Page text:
For more than 15 years, China's Jia Zhang-Ke has created intensely personal, socially aware films in his native country; quite a feat, considering he hasn't turned 40 yet. The acclaimed director is at the forefront of China's "Sixth Generation" cinema movement, which typically produces down-to-earth, documentary-style films that take place within working-class urban locales. Following a series of three short films between 1994 and 1996, Jia Zhang-Ke completed his first feature film Xiao Wu (AKA Artisan Pickpocket) the following year---and true to his roots, the film emphasized China's ever-changing landscape. The director's follow-up efforts included Platform (2000) and Unknown Pleasures (2002), which maintained similar themes and were created outside of the confines of major studios. The World (2004) broke tradition and was a state-approved film---and luckily for the director, his project was well-received by viewers, international critics and the government.
After a series of experimental digital films and documentary-style productions like Still Life (2006), Jia Zhang-Ke completed 24 City (2008), which serves up a mixture of historical fact and carefully-rendered drama. This feature-length production focuses on Factory 420, a 50 year-old aviation parts factory Sichuan's capital city, Chengdu. The factory is due for demolition, and a lavish apartment complex (named "24 City") will appear in its place. This, of course, will lead to thousands of lost jobs. Dozens of participants---former employees of Factory 420, for the most part---were interviewed during the film's production, while only nine of them tell their stories during 24 City.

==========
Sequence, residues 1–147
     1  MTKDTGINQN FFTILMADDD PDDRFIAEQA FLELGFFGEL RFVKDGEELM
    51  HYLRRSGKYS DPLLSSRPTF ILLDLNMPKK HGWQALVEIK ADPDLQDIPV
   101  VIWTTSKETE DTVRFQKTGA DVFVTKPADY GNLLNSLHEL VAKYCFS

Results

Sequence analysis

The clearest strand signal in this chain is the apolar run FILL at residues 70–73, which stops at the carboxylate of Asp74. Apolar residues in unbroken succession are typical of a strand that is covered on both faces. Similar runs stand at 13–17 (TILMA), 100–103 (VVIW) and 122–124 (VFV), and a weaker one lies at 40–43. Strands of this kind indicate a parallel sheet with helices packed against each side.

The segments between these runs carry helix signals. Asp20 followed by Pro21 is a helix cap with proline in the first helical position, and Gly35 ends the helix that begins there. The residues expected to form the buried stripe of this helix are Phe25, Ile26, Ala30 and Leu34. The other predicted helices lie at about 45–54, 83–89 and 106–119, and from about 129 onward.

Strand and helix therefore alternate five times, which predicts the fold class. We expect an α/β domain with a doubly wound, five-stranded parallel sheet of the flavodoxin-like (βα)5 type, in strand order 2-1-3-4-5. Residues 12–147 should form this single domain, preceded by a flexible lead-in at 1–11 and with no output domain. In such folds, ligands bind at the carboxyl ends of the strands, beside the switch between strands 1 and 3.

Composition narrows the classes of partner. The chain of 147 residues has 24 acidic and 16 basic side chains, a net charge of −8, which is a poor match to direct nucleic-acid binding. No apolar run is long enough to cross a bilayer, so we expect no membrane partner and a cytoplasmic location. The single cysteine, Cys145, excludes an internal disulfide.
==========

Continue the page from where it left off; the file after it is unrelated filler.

Interestingly enough, some of these participants are portrayed by actors (including Joan Chen and Jia favorite Tao Zhao), who recall their memories of factory life, whether real or partially fabricated. It's an interesting mixture of stories flanked by stunning shots of dilapidated urban landscapes, pop music cues and vintage photographs. Despite the film's leisurely pace, there's plenty to take in, especially since the real and fabricated stories aren't always clearly distinguished. If you're completely unfamilar with the subject matter, some preliminary research and/or a second viewing will be almost mandatory.
Those not in the right mood, however, will find 24 City fairly dull during many of its quiet stretches. I'll be completely honest: my first attempted viewing of the film took place late one evening, and it proved to be the wrong time to dive into this lyrical hybrid of drama and documentary. However, the benefit of rest and total concentration certainly helped matters: 24 City felt much more appropriate during sunlit hours (or overcast afternoons, at the very least). The poetic nature of the interviews, when paired with the film's excellent, down-to-earth cinematography, creates a sleepy but sobering atmosphere that makes 24 City worth seeking out. This may not be a film that you'll return to on a regular basis...but providing the conditions are right, its impact is tough to duplicate.